Astronomers have developed a method of classifying stars based on their color and some other characteristics. The star classifications are O, B, A, F, G, K, M (you can remember that with the handy mnemonic, “Oh be a fine girl, kiss me”.) O stars are the most extreme group of all. They have the highest temperatures, the most luminosity, and the most mass (oh, and the shortest lives).
An O star appears blue to the eye, and can have a surface temperature of more than 41,000 Kelvin; its color would be better described as ultraviolet, but we can’t see that color with our eyes. The surface temperature of an O star is so great that hydrogen on the surface of the star is completely ionized, but other elements are more visible, like Helium, Oxygen, Nitrogen, and Silicon.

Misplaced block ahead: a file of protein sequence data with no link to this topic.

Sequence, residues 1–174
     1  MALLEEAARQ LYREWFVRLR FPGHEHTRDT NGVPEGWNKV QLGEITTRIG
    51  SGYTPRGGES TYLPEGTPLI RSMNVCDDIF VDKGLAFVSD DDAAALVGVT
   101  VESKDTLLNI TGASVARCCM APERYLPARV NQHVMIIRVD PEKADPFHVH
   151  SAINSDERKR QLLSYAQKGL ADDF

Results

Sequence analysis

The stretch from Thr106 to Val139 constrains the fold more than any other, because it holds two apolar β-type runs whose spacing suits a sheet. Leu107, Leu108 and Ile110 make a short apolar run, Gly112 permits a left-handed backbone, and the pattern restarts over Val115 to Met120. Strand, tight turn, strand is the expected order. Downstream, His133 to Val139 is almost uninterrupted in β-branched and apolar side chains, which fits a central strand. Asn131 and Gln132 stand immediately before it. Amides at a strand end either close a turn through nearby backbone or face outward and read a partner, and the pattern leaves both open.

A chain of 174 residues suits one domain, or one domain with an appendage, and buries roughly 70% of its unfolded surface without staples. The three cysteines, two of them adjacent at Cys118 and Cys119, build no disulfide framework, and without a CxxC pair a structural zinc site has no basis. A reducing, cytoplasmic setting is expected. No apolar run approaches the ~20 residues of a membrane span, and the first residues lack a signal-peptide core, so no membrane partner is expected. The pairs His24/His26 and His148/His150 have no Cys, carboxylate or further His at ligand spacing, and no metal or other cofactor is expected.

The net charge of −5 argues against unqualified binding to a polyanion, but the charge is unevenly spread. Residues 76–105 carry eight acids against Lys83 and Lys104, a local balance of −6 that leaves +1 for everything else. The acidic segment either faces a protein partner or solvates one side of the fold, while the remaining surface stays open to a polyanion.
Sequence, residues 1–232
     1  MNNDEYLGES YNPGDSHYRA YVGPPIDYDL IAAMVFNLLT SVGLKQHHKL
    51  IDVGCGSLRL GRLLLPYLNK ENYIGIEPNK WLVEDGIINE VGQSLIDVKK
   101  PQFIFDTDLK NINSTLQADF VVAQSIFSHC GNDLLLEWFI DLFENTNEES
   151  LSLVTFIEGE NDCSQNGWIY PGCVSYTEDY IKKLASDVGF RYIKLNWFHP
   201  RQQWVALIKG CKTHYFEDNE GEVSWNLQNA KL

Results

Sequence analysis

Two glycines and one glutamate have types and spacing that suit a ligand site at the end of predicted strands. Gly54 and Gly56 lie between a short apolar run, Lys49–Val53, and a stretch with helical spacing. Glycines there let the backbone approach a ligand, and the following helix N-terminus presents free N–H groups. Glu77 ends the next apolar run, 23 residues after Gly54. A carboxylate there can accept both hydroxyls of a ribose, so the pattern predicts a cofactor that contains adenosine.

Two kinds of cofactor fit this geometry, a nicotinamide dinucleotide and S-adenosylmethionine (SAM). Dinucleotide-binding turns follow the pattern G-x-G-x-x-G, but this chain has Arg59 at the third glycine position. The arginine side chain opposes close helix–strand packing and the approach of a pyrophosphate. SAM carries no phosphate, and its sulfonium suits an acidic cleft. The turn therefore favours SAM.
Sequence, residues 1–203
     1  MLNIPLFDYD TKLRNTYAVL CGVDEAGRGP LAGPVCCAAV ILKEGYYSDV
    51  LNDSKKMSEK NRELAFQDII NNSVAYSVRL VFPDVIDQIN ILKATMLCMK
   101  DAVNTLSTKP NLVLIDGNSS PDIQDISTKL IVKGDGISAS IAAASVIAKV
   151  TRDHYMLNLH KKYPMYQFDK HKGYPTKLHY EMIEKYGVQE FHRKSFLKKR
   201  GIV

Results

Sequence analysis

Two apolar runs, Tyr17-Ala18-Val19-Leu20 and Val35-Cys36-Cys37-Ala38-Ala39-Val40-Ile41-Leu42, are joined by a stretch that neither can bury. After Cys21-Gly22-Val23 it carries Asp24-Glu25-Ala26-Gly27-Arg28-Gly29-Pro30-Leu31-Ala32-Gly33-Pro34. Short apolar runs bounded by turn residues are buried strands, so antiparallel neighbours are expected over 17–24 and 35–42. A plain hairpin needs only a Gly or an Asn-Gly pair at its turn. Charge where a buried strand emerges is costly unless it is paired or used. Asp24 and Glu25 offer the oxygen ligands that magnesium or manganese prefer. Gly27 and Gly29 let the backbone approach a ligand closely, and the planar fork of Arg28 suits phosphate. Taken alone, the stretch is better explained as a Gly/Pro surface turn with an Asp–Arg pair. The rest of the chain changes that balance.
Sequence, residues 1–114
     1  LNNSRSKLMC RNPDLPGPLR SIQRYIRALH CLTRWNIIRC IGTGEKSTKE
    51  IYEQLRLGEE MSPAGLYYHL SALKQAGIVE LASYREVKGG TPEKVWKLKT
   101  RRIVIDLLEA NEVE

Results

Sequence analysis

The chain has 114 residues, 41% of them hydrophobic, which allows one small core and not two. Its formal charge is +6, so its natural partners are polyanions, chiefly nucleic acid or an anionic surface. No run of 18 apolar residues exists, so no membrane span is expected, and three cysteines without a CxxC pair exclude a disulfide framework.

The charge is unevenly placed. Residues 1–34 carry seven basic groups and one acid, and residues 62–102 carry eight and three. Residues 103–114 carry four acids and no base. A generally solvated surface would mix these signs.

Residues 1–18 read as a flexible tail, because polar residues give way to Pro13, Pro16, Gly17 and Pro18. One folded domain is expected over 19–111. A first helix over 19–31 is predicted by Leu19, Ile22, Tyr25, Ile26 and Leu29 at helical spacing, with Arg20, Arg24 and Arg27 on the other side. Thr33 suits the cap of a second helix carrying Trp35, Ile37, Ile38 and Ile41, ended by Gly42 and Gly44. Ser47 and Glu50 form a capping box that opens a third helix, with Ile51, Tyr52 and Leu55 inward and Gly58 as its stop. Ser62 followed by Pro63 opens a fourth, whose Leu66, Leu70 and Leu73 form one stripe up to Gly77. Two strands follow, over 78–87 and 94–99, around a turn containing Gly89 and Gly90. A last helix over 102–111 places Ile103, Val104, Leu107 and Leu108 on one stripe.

O stars are very massive and evolve very rapidly. Shortly after they form as a protostar, they already have the pressure and temperatures in their cores to begin hydrogen burning. The O stars light up their stellar nurseries with ultraviolet light and cause the clouds of nebula to glow. You can thank O stars for illuminating the beautiful nebula photographs captured by Hubble. O stars burn through their fuel quickly, and can detonate as supernovae in just a few million years.
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Some O stars include Zeta Orionis, Zeta Puppis, Lambda Orionis, Delta Orionis.
We have written many articles about stars here on Universe Today. Here’s an article about an O star.